Note that there is an atom at every point of the Bravais lattice, but there also may be other atoms within the primitive cell. The points specified, for example, might be indium ions and there also might be an antimony ion in each cell, which will be the case in indium antimonide. The points might be silicon atoms and there might be another silicon atom in each cell, yet translation of the lattice by the vector distance between the two silicon atoms will not leave the crystal invariant. This is the case for the diamond structure.

There will be other symmetry operations that take the crystal into itself. An inversion of the lattice through a Bravais lattice point will take the Bravais lattice into itself and it may take the crystal into itself. Various rotations, reflections, or rotary reflections may also take the crystal into itself. Clearly the combination of any two operations, each of which takes the crystal into itself, will also take the crystal into itself. The collection of all such operations, rotations, reflections, translations and combinations of these, is called the space group of the crystal. The space group contains all symmetry operations which take the crystal into itself.

If we take all space group operations of the crystals and omit the translation portion, the collection of all distinct rotations, reflections, and rotary reflections which remains is called the point group. In some crystals, certain operations of the point group will leave no atom in the crystal in the same position. Such an operation is illustrated for a two-dimensional case in Fig. 1.9. An operation combining reflection in a plane with a "partial lattice translation" (smaller than a primitive lattice translation) in the reflection plane is called glide-plane symmetry and the corresponding plane is called a glide plane. A second common combined operation is called a screw axis and consists of a rotation combined with a partial lattice translation along the rotation axis.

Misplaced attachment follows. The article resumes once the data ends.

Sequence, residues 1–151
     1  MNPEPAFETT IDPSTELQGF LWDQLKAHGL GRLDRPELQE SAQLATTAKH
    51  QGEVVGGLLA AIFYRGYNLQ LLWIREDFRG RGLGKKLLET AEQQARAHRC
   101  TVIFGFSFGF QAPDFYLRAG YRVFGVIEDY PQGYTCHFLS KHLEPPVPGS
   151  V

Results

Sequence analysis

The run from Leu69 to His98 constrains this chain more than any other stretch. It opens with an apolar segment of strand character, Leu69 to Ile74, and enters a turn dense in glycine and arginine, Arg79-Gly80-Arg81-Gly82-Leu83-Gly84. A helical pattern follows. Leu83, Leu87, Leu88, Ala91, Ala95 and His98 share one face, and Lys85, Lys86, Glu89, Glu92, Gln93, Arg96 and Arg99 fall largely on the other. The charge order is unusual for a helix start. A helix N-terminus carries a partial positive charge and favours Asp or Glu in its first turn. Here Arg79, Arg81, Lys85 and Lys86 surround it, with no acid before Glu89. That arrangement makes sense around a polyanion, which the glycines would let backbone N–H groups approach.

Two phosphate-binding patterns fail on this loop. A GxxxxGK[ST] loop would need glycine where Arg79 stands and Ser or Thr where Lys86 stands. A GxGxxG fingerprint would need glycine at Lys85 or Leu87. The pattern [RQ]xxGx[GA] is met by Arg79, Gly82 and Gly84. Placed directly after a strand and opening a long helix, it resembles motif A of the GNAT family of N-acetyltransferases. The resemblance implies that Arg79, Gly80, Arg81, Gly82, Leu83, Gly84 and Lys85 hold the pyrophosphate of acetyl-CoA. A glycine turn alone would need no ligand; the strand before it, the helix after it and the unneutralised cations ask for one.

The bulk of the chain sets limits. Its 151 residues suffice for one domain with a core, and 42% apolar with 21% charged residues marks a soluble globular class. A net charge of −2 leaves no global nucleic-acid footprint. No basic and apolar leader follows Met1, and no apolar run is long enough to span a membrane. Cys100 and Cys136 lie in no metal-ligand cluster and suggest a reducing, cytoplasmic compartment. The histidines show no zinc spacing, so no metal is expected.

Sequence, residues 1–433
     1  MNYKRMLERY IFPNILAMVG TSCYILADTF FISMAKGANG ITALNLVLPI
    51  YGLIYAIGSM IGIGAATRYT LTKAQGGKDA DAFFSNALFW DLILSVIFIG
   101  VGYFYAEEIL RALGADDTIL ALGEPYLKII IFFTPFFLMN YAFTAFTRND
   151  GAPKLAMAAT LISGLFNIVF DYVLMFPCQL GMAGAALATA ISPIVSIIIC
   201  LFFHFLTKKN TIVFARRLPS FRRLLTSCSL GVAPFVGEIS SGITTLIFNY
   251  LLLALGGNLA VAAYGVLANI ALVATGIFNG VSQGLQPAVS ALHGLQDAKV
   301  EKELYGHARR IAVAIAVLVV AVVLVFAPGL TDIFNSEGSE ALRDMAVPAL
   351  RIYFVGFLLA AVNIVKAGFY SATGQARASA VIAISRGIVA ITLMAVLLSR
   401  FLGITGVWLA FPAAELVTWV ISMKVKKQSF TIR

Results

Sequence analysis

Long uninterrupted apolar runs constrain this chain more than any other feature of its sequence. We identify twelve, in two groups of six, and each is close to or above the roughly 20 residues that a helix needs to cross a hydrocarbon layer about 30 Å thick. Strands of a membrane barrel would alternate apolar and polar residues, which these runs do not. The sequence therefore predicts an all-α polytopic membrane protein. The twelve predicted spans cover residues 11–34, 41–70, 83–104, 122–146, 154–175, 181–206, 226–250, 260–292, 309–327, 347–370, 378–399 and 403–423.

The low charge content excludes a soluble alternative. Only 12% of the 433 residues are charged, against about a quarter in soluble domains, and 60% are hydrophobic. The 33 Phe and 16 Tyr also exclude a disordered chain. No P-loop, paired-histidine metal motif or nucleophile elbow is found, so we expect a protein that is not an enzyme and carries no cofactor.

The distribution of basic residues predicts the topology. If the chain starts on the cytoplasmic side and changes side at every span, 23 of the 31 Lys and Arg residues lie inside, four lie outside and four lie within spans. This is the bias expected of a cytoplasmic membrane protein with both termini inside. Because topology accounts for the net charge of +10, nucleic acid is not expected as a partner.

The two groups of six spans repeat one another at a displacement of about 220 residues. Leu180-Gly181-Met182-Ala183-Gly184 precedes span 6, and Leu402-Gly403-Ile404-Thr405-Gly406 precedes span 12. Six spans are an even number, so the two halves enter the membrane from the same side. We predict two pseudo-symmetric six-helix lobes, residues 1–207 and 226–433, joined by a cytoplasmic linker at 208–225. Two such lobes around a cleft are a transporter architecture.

The symmetry operations of a crystal form a group (in the mathematical sense) as we shall see. The possible different point groups which are allowed in a crystal are greatly reduced from those which might be allowed in a molecule because of the translational symmetry. We may illustrate this by showing that in a crystal only rotations of 60°, 90°, or multiples of these can occur.